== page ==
Tuesday, September 8, 2015

Mozart: Marriage of Figaro, Act II, Finale

Like all classical musicians I had heard so much about Mozart that I started to glaze over every time I heard his name. But unlike most classical musicians, as a guitarist, I had virtually no opportunity to play his music apart from briefly learning the mandolin so I could accompany an aria in Don Giovanni.

But a while back I noticed that I had almost no Mozart on my CD shelves so I decided to fill the gap. The Complete Mozart was available at an amazingly low price so I ordered it. I did a quick browse through the discs--which took a few months since there are 170 of them! But now I am just completing a second, more thorough listening. The operas come last and I am just about to listen to Don Giovanni. A few days ago I listened to The Marriage of Figaro (Le Nozze de Figaro in the original Italian).

I also read a couple of biographies of Mozart, one execrable and one quite good. As I recall, in one passage in the quite good one the author writes that every couple of months, for most of his life, Mozart would write a work of true genius. He names a few, like the Sinfonia Concertante for violin, viola and orchestra or the Quintet in G minor, or the Linz Symphony.

One of the real failings of the very successful film of Mozart's life, Amadeus, is that his genius is underrated if anything. When you say that every couple of months he wrote something of real genius this means that every couple of months he wrote something that was as good if not better than what most composers manage once in their lives. If that. Stravinsky wrote one astonishing piece of music in his life: the Rite of Spring. Shostakovich perhaps two. Beethoven wrote perhaps four or five. Bach a dozen or so. But Mozart wrote something devastatingly astonishing every couple of months.

I ran across one of these feats of genius in the Marriage of Figaro. Act II (of four acts) ends with a twenty minute finale, as was common in the opera buffa. Mozart precedes this with a little duet:

Click to enlarge
Then the Finale itself starts with a trio:

Followed by a quartet:

Followed by a quintet:

And finishing, almost unbelievably, with a septet in which there are seven different characters on stage simultaneously, each with different lyrics to different melodies and rhythms:

Here is what Charles Rosen had to say about it:
The tour de force of this new conception of musical continuity in drama as an increasing complexity of independent units is the famous second act finale, which moves from duet, through trio, quartet and quintet to septet in a magnificently symmetrical tonal scheme.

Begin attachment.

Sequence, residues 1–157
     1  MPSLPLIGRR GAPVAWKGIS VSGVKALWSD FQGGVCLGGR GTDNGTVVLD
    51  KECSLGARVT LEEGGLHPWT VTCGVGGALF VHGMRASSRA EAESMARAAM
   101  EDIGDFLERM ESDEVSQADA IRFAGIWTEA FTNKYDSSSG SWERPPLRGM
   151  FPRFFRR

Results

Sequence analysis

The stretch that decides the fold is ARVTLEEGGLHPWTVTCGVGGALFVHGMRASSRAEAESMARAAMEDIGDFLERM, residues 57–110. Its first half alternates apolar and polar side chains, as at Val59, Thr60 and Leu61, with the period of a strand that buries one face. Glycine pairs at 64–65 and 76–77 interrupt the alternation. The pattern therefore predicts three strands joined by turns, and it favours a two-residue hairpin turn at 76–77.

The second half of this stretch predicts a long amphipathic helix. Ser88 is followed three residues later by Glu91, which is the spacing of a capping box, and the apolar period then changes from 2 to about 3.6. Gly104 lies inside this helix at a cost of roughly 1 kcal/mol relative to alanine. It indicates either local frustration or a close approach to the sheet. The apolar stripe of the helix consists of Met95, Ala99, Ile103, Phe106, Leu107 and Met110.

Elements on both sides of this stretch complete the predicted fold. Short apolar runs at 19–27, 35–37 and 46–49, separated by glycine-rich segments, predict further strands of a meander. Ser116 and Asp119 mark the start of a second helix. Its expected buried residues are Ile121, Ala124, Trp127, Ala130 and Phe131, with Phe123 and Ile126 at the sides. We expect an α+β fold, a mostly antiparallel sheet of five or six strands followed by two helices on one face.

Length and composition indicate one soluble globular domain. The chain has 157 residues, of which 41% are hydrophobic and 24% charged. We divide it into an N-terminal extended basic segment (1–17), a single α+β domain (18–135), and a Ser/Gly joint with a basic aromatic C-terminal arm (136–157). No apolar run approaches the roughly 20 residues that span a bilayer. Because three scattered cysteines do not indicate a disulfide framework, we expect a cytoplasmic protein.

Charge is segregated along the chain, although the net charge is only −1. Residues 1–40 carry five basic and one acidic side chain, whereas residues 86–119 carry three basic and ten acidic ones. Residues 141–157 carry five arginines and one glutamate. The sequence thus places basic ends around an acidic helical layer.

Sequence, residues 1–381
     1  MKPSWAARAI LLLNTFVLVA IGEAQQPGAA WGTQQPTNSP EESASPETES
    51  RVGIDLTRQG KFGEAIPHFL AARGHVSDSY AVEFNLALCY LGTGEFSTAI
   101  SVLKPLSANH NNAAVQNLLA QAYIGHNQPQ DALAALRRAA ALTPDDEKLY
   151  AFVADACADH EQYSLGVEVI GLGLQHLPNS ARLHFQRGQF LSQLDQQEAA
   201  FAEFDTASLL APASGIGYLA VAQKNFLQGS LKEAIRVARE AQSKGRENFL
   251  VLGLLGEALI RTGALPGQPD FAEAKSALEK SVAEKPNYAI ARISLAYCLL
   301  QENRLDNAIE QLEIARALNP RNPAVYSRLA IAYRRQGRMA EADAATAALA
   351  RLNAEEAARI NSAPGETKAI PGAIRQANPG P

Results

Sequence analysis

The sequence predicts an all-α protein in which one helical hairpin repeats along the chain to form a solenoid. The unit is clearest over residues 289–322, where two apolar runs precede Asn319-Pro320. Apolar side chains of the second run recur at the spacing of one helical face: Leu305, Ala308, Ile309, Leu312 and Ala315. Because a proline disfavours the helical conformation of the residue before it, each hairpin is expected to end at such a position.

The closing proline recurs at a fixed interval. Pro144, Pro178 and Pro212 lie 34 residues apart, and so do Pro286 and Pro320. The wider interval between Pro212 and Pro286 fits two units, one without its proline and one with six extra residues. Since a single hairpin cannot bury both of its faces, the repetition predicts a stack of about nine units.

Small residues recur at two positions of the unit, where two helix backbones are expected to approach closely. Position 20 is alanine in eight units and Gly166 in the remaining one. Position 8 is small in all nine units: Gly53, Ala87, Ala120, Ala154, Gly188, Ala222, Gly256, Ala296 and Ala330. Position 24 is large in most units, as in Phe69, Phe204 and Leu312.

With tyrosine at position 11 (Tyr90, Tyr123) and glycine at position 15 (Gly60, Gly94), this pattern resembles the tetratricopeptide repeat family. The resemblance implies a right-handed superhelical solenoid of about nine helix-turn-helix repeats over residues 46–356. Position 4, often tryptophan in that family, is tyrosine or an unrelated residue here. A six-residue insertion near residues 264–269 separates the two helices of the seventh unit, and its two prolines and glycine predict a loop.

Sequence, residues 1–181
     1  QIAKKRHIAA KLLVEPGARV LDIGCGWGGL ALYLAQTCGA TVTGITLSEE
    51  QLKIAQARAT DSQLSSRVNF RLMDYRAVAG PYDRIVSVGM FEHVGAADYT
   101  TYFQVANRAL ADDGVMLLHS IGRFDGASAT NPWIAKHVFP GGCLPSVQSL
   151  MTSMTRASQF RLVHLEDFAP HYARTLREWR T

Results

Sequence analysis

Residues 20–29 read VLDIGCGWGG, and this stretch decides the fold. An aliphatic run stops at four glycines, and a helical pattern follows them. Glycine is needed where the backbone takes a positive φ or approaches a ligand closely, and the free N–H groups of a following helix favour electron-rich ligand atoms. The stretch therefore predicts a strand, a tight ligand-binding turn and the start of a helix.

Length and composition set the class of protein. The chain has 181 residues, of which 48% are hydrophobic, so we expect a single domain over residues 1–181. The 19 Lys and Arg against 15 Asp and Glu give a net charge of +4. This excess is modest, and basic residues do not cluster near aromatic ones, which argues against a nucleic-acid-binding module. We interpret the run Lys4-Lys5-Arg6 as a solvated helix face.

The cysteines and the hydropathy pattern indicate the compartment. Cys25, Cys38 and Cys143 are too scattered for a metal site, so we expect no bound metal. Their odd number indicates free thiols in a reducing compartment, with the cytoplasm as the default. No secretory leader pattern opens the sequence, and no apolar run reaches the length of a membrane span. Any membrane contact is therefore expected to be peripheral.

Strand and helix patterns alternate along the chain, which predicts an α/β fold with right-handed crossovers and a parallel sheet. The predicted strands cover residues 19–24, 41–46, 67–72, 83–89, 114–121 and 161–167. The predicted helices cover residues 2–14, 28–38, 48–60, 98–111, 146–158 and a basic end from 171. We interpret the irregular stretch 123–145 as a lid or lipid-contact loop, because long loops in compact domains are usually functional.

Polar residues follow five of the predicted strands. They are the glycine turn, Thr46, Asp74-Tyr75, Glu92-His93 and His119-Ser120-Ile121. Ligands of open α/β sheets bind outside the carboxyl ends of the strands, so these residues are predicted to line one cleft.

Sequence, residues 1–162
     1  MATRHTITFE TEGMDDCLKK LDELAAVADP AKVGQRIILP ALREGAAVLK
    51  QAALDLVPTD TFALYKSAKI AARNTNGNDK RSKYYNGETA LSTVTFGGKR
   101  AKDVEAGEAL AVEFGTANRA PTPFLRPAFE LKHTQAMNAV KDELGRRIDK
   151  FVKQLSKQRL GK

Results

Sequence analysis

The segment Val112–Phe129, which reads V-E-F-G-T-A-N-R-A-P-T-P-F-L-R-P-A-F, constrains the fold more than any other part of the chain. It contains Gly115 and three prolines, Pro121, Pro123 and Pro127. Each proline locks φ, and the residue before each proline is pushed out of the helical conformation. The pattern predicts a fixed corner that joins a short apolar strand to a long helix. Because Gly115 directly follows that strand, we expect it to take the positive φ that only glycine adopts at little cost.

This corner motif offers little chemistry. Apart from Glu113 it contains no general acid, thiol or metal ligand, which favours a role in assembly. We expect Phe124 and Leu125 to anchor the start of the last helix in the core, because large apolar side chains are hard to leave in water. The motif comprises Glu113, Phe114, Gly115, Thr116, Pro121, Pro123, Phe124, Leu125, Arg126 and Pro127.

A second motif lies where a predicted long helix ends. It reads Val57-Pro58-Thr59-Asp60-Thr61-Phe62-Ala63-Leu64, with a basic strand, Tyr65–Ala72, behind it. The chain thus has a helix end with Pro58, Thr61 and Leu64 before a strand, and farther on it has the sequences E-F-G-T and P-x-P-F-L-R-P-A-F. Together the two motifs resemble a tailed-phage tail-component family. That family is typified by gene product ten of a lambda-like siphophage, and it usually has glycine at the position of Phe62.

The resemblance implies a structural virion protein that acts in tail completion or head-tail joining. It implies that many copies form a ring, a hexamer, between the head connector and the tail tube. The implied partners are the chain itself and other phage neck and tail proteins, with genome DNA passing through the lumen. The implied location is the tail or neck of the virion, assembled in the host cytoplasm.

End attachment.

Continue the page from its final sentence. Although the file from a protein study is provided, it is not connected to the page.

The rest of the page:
I couldn't possibly sort it all out for you today, but Paul Zweifel has done a beautiful job of giving the background and sorting out the plot for you here. Oh yes, and the whole thing is structured by being in sonata form: exposition, development and recapitulation.

Here is just that final septet, with subtitles in English:

And here is the whole of Acts 1 and 2 from the 2006 Salzburg Festival:


David Wentzell said...

Bryan, what is your "Tally of Genius" for Papa H, a favourite of yours (ours)?


A.C. Douglas said...

When [one] say[s] that every couple of months [Mozart] wrote something of real genius this means that every couple of months he wrote something that was as good if not better than what most composers manage once in their lives. If that.

Yes indeed. M was indeed that transcendent a genius. It's not for nothing he's often referred to as the divine Wolfgang. And that genius was on display in its fullest flower in his mature operas for M was an opera composer to his very core. One can hear it even in his symphonies and especially in his piano concerti. It's one of my pet conceits that had M lived out his biblically allotted three-score-and-ten in good health it would have been M, not Wagner, who would have been responsible for what we today call Wagnerian music-drama. He was almost there even while being restricted to working with only the (by comparison with Wagner) limited musical tools and forms at his disposal.


Bryan Townsend said...

That's a very good question, David! Certainly the Farewell Symphony and a couple of other symphonies. The quartets op 20 and 33 and in that I am joined by the testimony of Donald Francis Tovey. Perhaps the Seven Last Words?

ACD, I agree in every respect, except that Mozart even created some of the tools and forms such as the synthesis of opera seria and buffa that we see in the Da Ponte operas.